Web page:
Gross: CDO = Hookers in 6 inch heels

Discussion in 'Wall St. News' started by stock777, Jun 26, 2007.

  1. Holders of investment-grade portions of collateralized debt obligations may lose all of their money in the securities, which have been dressed up in ``six-inch hooker heels,'' according to Bill Gross, manager of the world's biggest bond fund.


    I've been telling you for years that they were lending to toothless trailer trash.

    Now the big man agrees.
  2. Duped, my foot, it was all part of the pump up the economy so the Republicans could keep control of congress. How many time 18 months ago did you hear George Bush say " more americans than ever own their own home" its the american dream come true for everyone, hahaha everyone was in on this pump and dump.
  3. You mean Dubya has no credibility???
  4. Slamdown coming.

    CDO market near halt amid deeper subprime worries
    Tue Jun 26, 2007 5:27PM EDT
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    By Jennifer Ablan

    NEW YORK, June 26 (Reuters) - The market for collateralized debt obligations, or CDOs, has slowed to a crawl, weighed down by the turmoil over subprime mortgages that has deepened dramatically over the last two weeks.

    Only $3 billion of new high-grade CDOs were marketed to investors in the latest week, down dramatically from just one month ago when the pipeline stood at over $20 billion, according to J.P. Morgan Securities Inc. Since that time, $18 billion of those CDOs have priced, the firm added.

    Foreign investors have been the dominant buyers of these exotic debt instruments in recent years, owing to their insatiable demand for yield. A change in foreign taste would be disruptive across many asset classes since this pooling of debt assets, including subprime mortgages, have resulted in a tremendous compression of yield spreads.

    "If investors start dumping them, oh boy, watch out for some massive credit widening," said Dan Fuss, vice chairman at Loomis Sayles in Boston, where he helps oversee $77 billion in fixed-income assets. "This is just the beginning of ugly things to come," Fuss added.

    Already, investors have taken a defensive stance. Activity in the structured finance CDO segment has slowed "considerably" as investors assess the fallout from the crisis over subprime asset-backed mortgage securities, Chris Flanagan, head of asset-backed research at J.P. Morgan, said in a report Monday.

    For his part, Fuss of Loomis says he has increased his exposure to long-dated Treasury bonds of 15 percent as well as scaled back his stake in high-yield, or junk-rated, debt.

    On Tuesday the head of the U.S. Securities and Exchange Commission told lawmakers that the agency has opened 12 enforcement investigations into matters surrounding CDOs.

    The turmoil in the subprime mortgage market intensified last Thursday when Bear Stearns put on sale $4 billion of mortgage bonds, mostly top-rated assets to lure buyers, in an effort to help cover reported losses by one of its hedge funds, fund managers and other sources told Reuters.

    They said the sale had been related to losses sustained in subprime mortgages by at least one hedge fund managed by the investment bank. The sale came just as New York-based Bear Stearns said its quarterly earnings fell by a third, citing stress in the mortgage market that hurt bond trading revenue and as it wrote down assets at a stock trading venture.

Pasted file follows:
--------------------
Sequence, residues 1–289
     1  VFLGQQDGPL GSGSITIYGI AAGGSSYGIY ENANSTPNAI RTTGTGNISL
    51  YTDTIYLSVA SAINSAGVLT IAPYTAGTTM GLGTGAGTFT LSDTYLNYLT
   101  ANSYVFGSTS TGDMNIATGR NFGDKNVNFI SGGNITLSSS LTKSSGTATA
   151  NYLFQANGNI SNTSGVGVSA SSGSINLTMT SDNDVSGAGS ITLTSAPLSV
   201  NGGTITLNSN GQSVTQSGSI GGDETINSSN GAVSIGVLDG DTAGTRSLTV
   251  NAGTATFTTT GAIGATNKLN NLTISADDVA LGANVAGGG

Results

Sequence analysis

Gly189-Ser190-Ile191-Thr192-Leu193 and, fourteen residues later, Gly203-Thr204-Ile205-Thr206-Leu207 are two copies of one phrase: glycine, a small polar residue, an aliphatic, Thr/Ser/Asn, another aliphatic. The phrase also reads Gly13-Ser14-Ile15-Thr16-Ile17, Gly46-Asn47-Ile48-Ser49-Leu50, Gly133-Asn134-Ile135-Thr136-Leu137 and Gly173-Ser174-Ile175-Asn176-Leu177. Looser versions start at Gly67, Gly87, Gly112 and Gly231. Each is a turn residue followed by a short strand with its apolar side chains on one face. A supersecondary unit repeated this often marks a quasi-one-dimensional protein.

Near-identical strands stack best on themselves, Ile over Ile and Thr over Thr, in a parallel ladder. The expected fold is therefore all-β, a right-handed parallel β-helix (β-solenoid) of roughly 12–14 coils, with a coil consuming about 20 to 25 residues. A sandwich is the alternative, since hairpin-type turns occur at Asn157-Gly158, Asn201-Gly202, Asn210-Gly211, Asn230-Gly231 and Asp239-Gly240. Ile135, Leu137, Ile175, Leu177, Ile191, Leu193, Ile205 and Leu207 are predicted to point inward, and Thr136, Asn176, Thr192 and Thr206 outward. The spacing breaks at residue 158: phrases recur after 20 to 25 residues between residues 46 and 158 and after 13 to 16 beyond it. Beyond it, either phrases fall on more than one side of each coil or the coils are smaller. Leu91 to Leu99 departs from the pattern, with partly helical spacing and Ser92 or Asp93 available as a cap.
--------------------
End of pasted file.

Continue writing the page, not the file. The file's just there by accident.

Bill Gross, the chief investment officer of Pacific Investment Management Co., or PIMCO, on Tuesday lambasted rating agencies for failing to warn investors about the riskiest segments of the U.S. credit markets, saying they were wooed by "the makeup" and "six-inch hooker heels."

    Calls to Moody's and McGraw Hill's Standard & Poor's were not immediately returned.

    Gross said the collateralized debt obligations lured investors like "good-looking girls" but were not "high-class assets" worth 100 cents on the dollar. Currently, 7 percent of subprime loans are in default and some CDO holders "will lose all of their moolah because of the significant leverage," he said.

    Indeed, banks doubled the amount of CDOs outstanding in the past two years to $2.6 trillion, including a record $769 billion sold last year, according to J.P. Morgan. These figures include funded and unfunded issuance.

    Gross said there are hundreds of billions of dollars of subprime residential mortgage-backed securities (RMBS), derivatives on subprime RMBS and collateralized debt obligations (CDOs) that buy subprime RMBS and/or the derivatives on the RMBS -- all of which he considers "toxic waste."

    "There has been some push back across the board and I think that would apply to both domestic and international investors," added Marc Schnitzer, chief executive officer at Centerline Capital Group, which invests in collateralized mortgage-backed securities.

    © Reuters 2007. All rights reserved.
  5. This whole thing is as predictable as a Cop Show on TV. The only variable is, you can't look at your watch, see there is only ten minutes left, and know the bad guy is going down in 6 minutes, allowing four for the commercials.

    Guys like Gross tell you what you know, but the Street lies for their pals, Bear Stearns will rally here while everyone believes it should crash, and then, like a freshman hazing a fraternity, we'll all wake up one morning wondering "wha hoppen id????"

    Or, maybe it all works out.:D
  6. "she's a hiiiiiiiiiiigh class whore!"

    sounds like too many of my NY compatriots have taken their Scores expertise to a new level in CDO's :D